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A touch of traditional class from the Pacific Northwest

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Symbols

explain native symbols

† Here are a few of the symbols attached to specific animals and others.

The Raven

The Raven is associated with creation and knowledge.   Similar to Loki, this sly bird is known for both mischief and as the bringer of light to humanity. The legend of the Raven says that in a mythical time, a greedy sky tribe captured and hid the sun away - leaving the human race in darkness.  At this time Raven was white as snow.  To relieve the misery of the human tribe, Raven flew down a chimney to retrieve the sun.  After putting the sun back in place, black soot was embedded in his feathers, leaving him permanently black.  While Raven sacrificed his beautiful color for humanity, there are also many stories of how the ravenís mischievous nature got the best of him.

The Eagle

Eagles are traditionally associated with traits such as great strength, leadership and incredible prestige.† In Indian societies Eagles are known as the messenger of the Creator and are† placed high regard.  Their habit of soaring at great heights led Indian people to think of Eagles as the carriers of prayers to the Creator.† Eagle down is scattered before honoured guests during entrance to dances and other important ceremonies. An eagle feather is considered a lucky token to both the presenter and the receiver.

The Hummingbird

In Indian societies it was commonly associated with love, beauty and intelligence.† They are regarded as spirit messengers.  These brilliantly coloured, fast birds grace the West Coast during the early Summer months.

The Bear

The Bear is a symbol of power, strength and healing.  The Bear is held in high respect by all, as it is beloved as an elder family member of the human race.
When hunted and killed the body of the bear was generally taken to the chief's dwelling and showered in eagle down, which is a gracious symbol of welcoming friendship.

The Frog

Most tribes considered the frog to be a successful communicator and an honoured keeper of tradition. Among many West Coast tribes, the Frog heralds in spring and new life. Frogs would be carved on house poles and totem poles to bring good fortune to the building and to ensure it would not collapse.

The Thunderbird

Among West Coast Indians, the Thunderbird symbolizes Mystical Power and Leadership.  A mythical creature that inhabited the mountains of the Pacific Northwest.† The Thunderbird was said to have a wing span of two war canoes and destroyed enemies with bolts of lightening.  This legendary great bird traditionally preyed upon Killer Whales, which once caught, were taken up to the mountain nest to feed the bird and its offspring.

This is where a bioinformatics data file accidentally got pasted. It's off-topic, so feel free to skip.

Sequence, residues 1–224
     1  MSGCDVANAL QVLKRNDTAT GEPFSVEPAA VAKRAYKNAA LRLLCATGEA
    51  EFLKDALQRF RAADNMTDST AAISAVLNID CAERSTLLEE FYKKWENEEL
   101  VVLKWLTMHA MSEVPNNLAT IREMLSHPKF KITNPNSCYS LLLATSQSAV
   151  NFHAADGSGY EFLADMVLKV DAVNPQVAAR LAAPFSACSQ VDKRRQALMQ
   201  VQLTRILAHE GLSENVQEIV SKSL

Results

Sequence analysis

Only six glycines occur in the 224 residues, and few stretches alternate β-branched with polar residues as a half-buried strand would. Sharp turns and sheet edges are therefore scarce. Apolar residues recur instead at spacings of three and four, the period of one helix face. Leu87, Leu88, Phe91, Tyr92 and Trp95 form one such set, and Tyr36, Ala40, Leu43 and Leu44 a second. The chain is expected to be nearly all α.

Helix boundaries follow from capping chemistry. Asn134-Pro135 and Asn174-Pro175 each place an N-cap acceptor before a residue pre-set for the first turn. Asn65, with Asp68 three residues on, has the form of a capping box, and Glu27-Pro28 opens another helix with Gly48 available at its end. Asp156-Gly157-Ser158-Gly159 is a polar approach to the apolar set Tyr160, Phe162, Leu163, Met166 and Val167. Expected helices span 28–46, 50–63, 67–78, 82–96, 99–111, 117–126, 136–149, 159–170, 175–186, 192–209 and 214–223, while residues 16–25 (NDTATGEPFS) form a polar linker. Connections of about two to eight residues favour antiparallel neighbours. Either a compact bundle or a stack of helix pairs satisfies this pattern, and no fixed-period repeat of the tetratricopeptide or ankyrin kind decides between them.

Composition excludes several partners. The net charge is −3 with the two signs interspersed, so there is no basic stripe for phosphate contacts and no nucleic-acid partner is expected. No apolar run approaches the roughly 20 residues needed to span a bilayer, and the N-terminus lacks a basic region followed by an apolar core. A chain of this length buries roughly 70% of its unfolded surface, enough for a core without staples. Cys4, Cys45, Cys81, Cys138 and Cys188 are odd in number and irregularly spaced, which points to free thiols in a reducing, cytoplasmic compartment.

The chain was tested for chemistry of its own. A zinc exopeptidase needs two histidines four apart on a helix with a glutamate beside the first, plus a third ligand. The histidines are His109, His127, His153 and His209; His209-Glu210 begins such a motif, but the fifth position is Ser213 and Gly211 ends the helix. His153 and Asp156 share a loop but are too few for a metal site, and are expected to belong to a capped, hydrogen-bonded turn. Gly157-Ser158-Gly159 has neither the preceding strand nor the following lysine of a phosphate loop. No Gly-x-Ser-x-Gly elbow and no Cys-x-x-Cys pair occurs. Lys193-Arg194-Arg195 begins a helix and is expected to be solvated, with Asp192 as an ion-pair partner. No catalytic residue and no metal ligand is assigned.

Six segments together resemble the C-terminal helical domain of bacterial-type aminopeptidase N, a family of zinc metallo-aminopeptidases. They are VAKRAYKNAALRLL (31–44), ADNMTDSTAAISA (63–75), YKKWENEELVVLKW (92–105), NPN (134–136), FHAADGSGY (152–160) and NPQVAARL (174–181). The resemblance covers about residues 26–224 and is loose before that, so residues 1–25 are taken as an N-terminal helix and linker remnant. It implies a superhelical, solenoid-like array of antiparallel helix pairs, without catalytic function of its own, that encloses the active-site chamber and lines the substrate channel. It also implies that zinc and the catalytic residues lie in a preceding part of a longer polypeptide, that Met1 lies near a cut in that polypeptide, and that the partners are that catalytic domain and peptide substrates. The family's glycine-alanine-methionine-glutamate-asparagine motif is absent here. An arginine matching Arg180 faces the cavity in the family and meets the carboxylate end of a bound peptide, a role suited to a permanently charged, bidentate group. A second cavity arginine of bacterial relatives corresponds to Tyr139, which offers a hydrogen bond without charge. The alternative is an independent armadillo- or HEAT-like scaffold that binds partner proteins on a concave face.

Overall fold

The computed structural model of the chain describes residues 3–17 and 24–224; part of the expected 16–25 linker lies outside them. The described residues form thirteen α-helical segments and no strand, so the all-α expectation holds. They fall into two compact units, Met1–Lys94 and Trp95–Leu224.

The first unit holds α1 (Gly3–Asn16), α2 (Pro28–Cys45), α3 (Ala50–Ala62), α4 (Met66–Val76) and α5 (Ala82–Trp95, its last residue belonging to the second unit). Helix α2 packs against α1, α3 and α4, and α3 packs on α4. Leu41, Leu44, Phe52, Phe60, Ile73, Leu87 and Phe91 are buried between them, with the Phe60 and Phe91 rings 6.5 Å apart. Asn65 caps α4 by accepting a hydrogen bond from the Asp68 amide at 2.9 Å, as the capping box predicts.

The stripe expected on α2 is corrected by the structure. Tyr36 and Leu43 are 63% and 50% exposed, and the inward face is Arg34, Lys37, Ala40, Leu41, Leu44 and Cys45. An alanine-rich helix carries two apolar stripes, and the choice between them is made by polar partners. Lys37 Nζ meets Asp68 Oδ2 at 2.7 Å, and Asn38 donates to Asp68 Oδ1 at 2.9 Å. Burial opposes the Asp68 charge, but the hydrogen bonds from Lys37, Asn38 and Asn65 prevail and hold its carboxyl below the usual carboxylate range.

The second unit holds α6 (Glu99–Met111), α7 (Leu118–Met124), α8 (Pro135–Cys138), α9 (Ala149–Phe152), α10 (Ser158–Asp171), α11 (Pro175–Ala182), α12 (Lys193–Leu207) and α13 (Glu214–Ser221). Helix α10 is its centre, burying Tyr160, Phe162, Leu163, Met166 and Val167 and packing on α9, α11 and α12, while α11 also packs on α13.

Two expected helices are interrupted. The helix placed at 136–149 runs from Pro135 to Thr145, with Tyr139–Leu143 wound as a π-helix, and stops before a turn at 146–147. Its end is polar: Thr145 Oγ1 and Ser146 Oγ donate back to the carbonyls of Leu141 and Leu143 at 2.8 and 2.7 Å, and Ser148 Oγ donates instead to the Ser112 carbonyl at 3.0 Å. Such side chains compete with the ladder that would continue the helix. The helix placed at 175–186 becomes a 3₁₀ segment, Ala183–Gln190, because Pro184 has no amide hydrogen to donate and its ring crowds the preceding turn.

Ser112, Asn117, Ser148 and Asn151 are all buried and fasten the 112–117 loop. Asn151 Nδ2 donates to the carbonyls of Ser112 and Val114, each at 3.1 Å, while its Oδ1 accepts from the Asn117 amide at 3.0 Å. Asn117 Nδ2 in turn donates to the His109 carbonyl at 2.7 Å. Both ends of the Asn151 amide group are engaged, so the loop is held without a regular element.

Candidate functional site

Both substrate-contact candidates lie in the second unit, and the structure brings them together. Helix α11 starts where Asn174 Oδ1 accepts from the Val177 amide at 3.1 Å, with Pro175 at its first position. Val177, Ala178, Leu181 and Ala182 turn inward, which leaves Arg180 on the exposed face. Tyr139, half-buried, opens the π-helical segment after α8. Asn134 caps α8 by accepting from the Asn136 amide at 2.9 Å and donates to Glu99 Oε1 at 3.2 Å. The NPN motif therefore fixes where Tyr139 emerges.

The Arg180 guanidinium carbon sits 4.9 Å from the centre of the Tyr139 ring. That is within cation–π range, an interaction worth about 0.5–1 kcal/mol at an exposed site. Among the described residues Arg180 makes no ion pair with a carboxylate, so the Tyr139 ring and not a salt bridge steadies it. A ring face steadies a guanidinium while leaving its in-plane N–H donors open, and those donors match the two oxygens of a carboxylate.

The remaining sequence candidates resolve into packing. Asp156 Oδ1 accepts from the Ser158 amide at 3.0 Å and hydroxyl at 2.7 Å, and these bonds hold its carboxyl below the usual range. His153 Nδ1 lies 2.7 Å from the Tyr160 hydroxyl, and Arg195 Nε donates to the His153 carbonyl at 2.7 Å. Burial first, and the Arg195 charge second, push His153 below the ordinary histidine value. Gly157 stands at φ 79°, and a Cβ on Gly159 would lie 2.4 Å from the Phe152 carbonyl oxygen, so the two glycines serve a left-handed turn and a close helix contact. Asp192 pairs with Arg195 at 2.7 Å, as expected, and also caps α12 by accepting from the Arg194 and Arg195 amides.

The Sun

In Northwest Native culture the sun is known to provide the earth with healing energy and life. According to most tribal legends the raven stole the sun from an evil tribe, who had hidden it away for themselves. He then placed it in the sky, where it remains until today for all to enjoy.

The Moon

The moon has a very prominent role in Northwest Native legend. Viewed as the protector of the people during the night, his nightly appearance was very important. It was thought that when a solar eclipse occurred a giant fish was actually swallowing the moon. For their very survival they would start an enormous bonfire and throw as much green or wet wood into it as possible. This would create such a smoke plum that the fish would cough up the moon and put him back in his place.

The Wolf

Generally perceived to emit intelligence, individualism and leadership they are also seen as pathfinders. Known for their family values, wolves mate for life. Always on top of new ideas, the wolf is also a patient teacher.

The Killer Whale/ Orca

The killer whale is commonly associated with beauty and power. Frequently regarded as a traveller and a guardian, killer whales are thought to be closely related to humans. One tribe even believes that killer whales are their reincarnated ancestors.

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